Then there have been the papers. Early in 2009 David Stuckler, Larry King and I published a paper in the Lancet showing how the scale and speed of mass privatisation in the former communist countries correlated with the increase in mortality that occurred at the same time. We thought that this was fairly uncontroversial and saw our most important contribution (besides quantifying the relationship) as identifying the role on community support (measured as membership of organisations) in protecting people. That fitted with another study we published last year showing how measures of social capital were associated with better health in the region. We never expected the response from those who had been advocating rapid privatisation. The Economist used a leader article to dismiss our results (doesn’t everyone know that privatisation is the only thing to do....), using a graph purporting to show trends in Russian life expectancy but looking nothing like anything we’ve ever seen before. Eventually we discovered what they had done. Despite life expectancy fluctuating rapidly from year to year, they took five year averages! This had the effect of making the Russian mortality crisis disappear! Just as Stalin caused millions of deaths at the stroke of a pen, The Economist brought similar numbers back to life. And they never apologised .... Over the course of the next year, we engaged in seemingly interminable (and often frankly bizarre) exchanges, via Richard Horton, with some of the supporters of mass privatisation. The final words can be read in two letters from our critics in the Lancet, which work very hard to show that our results were wrong, along with our letter in response, in which we invoke the criteria of data torture to try to understand how they managed to get our findings to disappear. I would encourage everyone to read all three letters and make up their own minds. Unfortunately, as we have since discovered, no matter how well we rebut our critics, it has become clear that some people will never be convinced.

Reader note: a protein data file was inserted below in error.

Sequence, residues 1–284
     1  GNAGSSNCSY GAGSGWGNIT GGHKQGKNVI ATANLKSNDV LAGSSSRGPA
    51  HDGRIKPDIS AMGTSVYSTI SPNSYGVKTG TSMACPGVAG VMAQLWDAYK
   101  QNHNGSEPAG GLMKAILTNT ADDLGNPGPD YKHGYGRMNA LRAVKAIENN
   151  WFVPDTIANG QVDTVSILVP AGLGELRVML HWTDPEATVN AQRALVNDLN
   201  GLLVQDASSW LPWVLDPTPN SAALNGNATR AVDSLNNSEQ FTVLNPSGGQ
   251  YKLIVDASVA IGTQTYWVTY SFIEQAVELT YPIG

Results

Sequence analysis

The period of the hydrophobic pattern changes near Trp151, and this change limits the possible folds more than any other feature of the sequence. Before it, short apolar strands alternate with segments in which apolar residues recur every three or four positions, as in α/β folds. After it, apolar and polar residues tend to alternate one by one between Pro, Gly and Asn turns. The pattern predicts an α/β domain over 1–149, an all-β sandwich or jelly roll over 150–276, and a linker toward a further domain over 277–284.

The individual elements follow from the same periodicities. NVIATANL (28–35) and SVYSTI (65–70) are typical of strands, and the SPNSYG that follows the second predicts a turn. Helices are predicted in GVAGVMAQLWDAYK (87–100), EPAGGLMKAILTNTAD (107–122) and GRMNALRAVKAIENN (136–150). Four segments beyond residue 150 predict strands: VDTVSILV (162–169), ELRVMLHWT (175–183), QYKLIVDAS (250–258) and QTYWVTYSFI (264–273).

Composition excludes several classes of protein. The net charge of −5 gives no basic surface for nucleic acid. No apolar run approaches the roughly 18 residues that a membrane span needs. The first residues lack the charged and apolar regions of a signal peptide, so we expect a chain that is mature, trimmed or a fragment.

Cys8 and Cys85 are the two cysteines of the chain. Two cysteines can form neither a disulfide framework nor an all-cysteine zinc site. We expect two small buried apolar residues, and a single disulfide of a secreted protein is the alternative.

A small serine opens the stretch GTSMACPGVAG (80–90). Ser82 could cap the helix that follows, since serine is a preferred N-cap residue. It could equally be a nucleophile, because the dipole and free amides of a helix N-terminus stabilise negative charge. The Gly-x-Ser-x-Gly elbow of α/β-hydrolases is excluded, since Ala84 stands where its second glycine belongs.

To coincide with renewed attention to progress in achieving the health-related Millennium Development Goals (MDGs), which focus very largely on deaths in childhood, we looked at whether adult mortality was important. Chronic diseases in adulthood have attracted much less attention than childhood illness (as we showed in an analysis of WHO expenditure prepared for the Bamako forum and published in the Lancet) yet we reckoned that the death or serious illness of a parent must be bad for their children. Our study confirmed this, showing that high rates of disease burden from non-communicable disease, such as cardiovascular disease, stroke and diabetes, were indeed associated with slower progress towards the MDGs and we were delighted when it was cited at the UN General Assembly.
And then the books… The main ones in the past year have been our two on the hospital of the future, one bringing together a series of case studies from some of the most innovative developments in Europe and the other drawing together the many issues facing hospital design in the future. These have, to our slight surprise, attracted enormous attention and have spun of a considerable number of papers as well as numerous presentations and policy dialogues.
So there we are. The blog is back. The challenge will be for me to keep it up!